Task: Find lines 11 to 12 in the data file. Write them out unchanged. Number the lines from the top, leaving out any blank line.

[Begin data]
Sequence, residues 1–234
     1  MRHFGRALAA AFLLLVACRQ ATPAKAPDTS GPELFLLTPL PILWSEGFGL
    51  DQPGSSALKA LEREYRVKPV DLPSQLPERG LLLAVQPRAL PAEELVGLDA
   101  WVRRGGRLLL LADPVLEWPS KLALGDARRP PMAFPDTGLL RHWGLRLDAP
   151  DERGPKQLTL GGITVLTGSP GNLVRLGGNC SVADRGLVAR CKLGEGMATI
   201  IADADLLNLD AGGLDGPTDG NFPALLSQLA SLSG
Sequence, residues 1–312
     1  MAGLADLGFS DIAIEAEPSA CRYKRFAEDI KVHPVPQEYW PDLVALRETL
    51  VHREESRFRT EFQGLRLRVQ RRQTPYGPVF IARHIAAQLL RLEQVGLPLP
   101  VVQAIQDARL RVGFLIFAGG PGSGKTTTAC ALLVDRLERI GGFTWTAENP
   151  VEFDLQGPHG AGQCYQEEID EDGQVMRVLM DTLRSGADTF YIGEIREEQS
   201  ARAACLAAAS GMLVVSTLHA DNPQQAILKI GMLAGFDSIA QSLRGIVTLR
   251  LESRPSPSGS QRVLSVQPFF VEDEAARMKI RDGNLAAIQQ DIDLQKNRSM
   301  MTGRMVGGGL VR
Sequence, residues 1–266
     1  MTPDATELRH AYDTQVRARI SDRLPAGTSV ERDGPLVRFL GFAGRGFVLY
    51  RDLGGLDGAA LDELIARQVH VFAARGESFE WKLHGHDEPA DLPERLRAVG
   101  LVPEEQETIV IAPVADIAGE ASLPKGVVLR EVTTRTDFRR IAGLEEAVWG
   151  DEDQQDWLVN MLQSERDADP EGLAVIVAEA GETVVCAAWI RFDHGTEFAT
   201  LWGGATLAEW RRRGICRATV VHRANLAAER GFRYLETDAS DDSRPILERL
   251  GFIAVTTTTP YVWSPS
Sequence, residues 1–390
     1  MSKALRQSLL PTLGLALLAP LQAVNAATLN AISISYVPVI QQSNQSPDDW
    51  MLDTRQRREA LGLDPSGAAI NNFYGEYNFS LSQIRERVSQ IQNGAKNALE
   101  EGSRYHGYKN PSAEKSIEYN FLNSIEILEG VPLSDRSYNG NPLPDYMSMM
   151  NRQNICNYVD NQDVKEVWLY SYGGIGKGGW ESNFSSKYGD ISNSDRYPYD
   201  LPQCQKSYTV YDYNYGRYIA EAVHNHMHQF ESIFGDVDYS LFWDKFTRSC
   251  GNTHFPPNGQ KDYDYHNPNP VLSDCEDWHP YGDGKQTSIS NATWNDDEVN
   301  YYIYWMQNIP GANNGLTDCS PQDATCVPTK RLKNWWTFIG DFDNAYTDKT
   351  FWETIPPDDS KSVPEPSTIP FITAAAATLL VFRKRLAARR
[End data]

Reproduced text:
   151  VEFDLQGPHG AGQCYQEEID EDGQVMRVLM DTLRSGADTF YIGEIREEQS
   201  ARAACLAAAS GMLVVSTLHA DNPQQAILKI GMLAGFDSIA QSLRGIVTLR